It is not uncommon for principals of major orchestras (in this case, the Philadelphia) to take to other stages as sought-after soloists and chamber players; such is the case with cellist Hai-Ye Ni, whom the Foundation of Chinese Performing Arts welcomed to NEC’s Williams Hall Monday night. Together with her frequent partner, the accomplished pianist Xun Pan, the masterful duo brought well-honed skills to welcome fare.
While a touch too predictable for my taste yet appropriately triumphal, Beethoven’s Twelve Variations in G major on “See the Conqu’ring Hero Comes,” from Handel’s Judas Maccabeus stood stalwart. Over the set, the effective interweaving testified to the enjoyable collegiality the two players projected. I chose to view this piano-forward work, (titled originally for Piano with the accompaniment of the Cello, like the sonata that followed), as a fanfare for a carefully crafted concert.
In Beethoven’s Sonata Opus 69, in A major, the median of five, written in 1806-8 during his so-called middle period and dedicated to his amateur cellist friend Ignaz von Gleichenstein, Ni and Pan provided a principled version that adhered to Beethoven’s intent. Pan’s shapely phrases, well projected melodies, and elegant runs elicited praise from the many pianists present. Here in glimpses, and more consistently later, Ni’s gorgeous tone and expression emerged. In the initial alla breve of the Allegro ma non tanto Ni introduced the soaring subject, amiably followed by Pan’s flourishing piano entrance and familiar further motifs. The short A minor Allegro molto Scherzo lightened the mood with its syncopation and country-bumpkin humor; a sojourn into A major in its trio followed. Then the Adagio cantabile start of the final movement led to its tuneful Allegro vivace.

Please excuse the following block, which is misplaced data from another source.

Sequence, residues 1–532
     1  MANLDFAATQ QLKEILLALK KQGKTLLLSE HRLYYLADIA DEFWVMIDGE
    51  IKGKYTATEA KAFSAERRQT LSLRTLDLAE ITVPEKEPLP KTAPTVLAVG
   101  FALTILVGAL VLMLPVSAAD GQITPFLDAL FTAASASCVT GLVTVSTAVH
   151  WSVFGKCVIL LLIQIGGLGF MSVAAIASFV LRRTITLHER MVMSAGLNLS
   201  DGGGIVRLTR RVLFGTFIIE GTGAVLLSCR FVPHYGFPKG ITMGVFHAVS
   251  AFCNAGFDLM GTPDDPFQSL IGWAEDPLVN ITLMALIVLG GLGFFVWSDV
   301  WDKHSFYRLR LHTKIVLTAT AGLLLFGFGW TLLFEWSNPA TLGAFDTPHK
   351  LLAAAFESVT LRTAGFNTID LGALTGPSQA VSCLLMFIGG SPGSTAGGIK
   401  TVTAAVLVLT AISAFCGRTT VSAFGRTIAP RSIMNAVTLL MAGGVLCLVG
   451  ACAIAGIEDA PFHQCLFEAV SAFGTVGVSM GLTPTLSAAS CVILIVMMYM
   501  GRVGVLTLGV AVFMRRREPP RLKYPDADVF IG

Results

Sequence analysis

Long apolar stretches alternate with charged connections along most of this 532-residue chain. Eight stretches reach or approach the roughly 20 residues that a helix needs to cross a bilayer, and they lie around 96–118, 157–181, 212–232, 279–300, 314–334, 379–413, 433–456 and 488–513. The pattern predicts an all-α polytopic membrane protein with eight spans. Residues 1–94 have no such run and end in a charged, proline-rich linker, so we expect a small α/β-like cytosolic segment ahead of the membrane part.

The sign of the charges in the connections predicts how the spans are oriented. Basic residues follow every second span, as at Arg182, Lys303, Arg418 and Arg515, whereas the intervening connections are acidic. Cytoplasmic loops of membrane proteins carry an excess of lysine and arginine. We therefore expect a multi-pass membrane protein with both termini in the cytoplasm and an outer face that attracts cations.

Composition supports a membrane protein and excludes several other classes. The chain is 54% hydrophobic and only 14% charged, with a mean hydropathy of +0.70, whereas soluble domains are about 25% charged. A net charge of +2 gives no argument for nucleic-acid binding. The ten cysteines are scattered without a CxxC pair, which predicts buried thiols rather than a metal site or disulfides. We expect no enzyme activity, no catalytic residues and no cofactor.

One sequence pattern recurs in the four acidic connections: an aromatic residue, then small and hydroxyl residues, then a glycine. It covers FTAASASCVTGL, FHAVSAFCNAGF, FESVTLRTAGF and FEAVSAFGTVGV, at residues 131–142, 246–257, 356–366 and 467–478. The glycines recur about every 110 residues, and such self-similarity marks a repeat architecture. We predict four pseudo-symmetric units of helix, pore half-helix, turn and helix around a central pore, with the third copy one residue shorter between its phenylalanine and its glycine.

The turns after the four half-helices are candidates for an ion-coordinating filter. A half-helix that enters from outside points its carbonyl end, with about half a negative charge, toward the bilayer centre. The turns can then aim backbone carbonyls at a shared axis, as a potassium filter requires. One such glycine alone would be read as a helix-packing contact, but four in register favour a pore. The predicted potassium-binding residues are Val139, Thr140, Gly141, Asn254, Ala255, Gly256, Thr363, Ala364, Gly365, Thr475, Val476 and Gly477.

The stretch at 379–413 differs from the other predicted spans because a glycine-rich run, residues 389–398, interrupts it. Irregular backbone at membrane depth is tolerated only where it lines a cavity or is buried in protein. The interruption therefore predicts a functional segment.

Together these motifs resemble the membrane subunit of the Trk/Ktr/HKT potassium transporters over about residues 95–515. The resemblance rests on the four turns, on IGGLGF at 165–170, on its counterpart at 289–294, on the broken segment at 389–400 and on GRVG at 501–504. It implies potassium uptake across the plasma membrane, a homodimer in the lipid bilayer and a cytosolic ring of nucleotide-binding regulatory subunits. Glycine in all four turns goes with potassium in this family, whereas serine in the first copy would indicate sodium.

Brahms’s Sonata in E Minor for Piano and Cello Op. 38, from 1865 was his first for two instruments. Though certainly a pianistic showcase, it hardly stints on the cello part, and here Ni shone. The first movement includes thematic material from Bach’s Art of Fugue and nods to Beethoven, yet it is fully Brahmsian. The partnership thrived as the composer intended in the first 4/4 Allegro non troppo movement in E minor. The lyrical Allegro quasi Menuetto in A minor morphing to a trio in F-sharp minor suited the duo. The final E minor Allegro combines elements of fugue and sonata to good effect; the players communicated this forcefully.
Beau Soir, an apt title not just for the Debussy piece but for the evening itself, lightened the mood with graceful warmth. Written in 1891 as an art song to a poem by Paul Bourget, it has been transcribed for cello and piano by Julian Lloyd Webber and others.
Chopin’s Introduction et Polonaise Brillante in C Major, Opus 3 (1829) came to us as intended — a lively showpiece—according to many, including the composer. Its introduction is, well, just that, and the Polonaise is captivating, performed here with dazzle and verve.
An encore, the beautiful “Swan” from Saint-Saëns’s Carnival of the Animals, rewarded the warmly responsive audience, floating with aristocratic grace.
Cathy Tan Chan has presided over this highly anticipated festival, one of the most welcome additions to Boston’s musical summer fare, since 1989. The concerts run through August 29th.